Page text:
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The Costs & Benefits of Radial Catheterization

The Costs & Benefits of Radial Catheterization

Most patients in the United States undergo femoral artery access for cardiac catheterization procedures despite research demonstrating that radial access can reduce vascular complications and increase patients’ ability to become mobile more quickly after their procedure. It has been speculated that lower adoption of radial artery access could be the result of concerns about increases in procedure time, radiation exposure, and access failure for patients who undergo this procedure. Support for Radial Access for Cardiac Catheterization In Circulation: Cardiovascular Quality and Outcomes, my colleagues and I published a cost-benefit analysis of cardiac catheterization approaches based on results from a systematic review of published randomized controlled trials (RCTs). The analysis combined find­ings from 14 published RCTs, comparing outcomes from coronary angiograms and stenting procedures that were performed via the radial artery versus the femoral artery. These combined findings were inserted into a cost-benefit simulation model that estimated the average cost of care for patients receiving these procedures. The model took into account procedure and hemostasis time, the costs of repeating cath­eterization at alternate sites if a first catheterization failed, and inpatient hospital costs associated with complications from the procedure. We found that radial catheterization significantly lowered the risk for major complications (odds ratio [OR], 0.32), major bleeding (OR, 0.39), and hematoma (OR, 0.36), when compared with femoral catheterization. Regarding procedure time, the radial approach took only 1.4 minutes longer than the femoral approach and reduced hemostasis time by approximately 13.0 minutes, on average. Radial cath­eterization increased the potential for catheterization failure (OR, 4.92), but there were no differences in procedure success rates or major adverse cardiovas­cular events. Potential Cost Savings...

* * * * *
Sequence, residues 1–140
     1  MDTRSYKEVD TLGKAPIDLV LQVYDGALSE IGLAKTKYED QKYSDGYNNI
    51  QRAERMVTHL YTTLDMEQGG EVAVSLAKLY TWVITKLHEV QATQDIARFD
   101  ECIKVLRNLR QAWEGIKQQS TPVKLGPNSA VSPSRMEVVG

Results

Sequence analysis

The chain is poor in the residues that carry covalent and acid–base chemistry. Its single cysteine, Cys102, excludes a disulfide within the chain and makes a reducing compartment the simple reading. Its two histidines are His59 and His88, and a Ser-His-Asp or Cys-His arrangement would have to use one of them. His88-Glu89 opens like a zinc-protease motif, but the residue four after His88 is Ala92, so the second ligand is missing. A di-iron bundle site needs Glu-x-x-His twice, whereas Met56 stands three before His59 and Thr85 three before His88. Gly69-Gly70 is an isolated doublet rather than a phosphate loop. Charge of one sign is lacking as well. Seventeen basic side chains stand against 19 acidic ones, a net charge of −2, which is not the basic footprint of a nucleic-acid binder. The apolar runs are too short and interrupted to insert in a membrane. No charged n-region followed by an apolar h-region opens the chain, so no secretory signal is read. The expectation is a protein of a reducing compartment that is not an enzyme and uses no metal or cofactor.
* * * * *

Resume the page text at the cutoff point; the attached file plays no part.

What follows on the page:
Improving Cardiac Catheterization

More than 1 million cardiac catheterizations are per­formed in the United States annually, and most of these procedures are performed via the femoral arter­ies through the groin. With transfemoral catheterization, patients must lie flat for 4 to 6 hours after the procedure. This is necessary to ensure the puncture site reaches hemostasis and to prevent bleeding complications. Transfemoral cath­eterization can be painful for patients once the procedure is completed because there is a need to compress the artery for 20 minutes manually. The decreased mobility after the proce­dure can also lead to other problems during hospitalization. An alternative approach that is being used by more and more clinicians nationwide is transradial catheterization. In these procedures, the coronary arteries are accessed via the wrist, enabling patients to become mobile almost immediately after the procedure. After the surgery, patients can walk, sit upright, use the bathroom, and eat and drink more quickly than with the transfemoral approach. The transradial approach has also been associated with lower complication rates and increased patient comfort. The complication rate for the transfemoral approach varies but can be as high as 3% to 5%. For transra­dial approaches, the rate drops to less than 1%. In addition, the bleeding associated with transfemoral approaches can be more dangerous than for that of transradial procedures. History of Transradial Catheterization The first transradial diagnostic catheterization was per­formed in the late 1980s in Europe. In 1993, a research team in Amsterdam began using the technique for interventional procedures. In recent years, the methods for catheterization have become increasingly enhanced. Some interventional cardiologists view transradial catheterization as the optimal choice for a...
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